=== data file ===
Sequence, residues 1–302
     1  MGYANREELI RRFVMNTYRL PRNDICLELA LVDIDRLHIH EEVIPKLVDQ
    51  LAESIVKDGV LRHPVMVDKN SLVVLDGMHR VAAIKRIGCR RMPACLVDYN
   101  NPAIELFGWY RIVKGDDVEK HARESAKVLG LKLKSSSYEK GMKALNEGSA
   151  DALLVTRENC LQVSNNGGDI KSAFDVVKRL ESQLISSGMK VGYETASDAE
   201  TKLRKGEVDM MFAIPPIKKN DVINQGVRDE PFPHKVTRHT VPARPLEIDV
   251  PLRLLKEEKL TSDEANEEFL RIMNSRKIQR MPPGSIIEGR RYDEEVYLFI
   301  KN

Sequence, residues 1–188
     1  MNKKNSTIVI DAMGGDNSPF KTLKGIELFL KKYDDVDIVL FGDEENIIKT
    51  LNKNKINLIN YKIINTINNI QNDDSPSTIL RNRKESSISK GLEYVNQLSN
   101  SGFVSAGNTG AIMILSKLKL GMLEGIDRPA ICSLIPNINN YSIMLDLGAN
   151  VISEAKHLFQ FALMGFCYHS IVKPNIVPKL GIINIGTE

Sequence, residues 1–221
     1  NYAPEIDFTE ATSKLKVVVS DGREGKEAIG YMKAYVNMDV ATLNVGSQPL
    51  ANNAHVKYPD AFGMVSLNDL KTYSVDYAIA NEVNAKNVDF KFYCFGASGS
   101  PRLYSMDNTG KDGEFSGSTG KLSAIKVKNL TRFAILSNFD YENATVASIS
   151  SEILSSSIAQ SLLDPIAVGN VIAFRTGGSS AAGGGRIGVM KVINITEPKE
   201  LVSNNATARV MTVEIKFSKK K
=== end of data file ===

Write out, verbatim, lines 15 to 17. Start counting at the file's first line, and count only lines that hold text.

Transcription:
     1  NYAPEIDFTE ATSKLKVVVS DGREGKEAIG YMKAYVNMDV ATLNVGSQPL
    51  ANNAHVKYPD AFGMVSLNDL KTYSVDYAIA NEVNAKNVDF KFYCFGASGS
   101  PRLYSMDNTG KDGEFSGSTG KLSAIKVKNL TRFAILSNFD YENATVASIS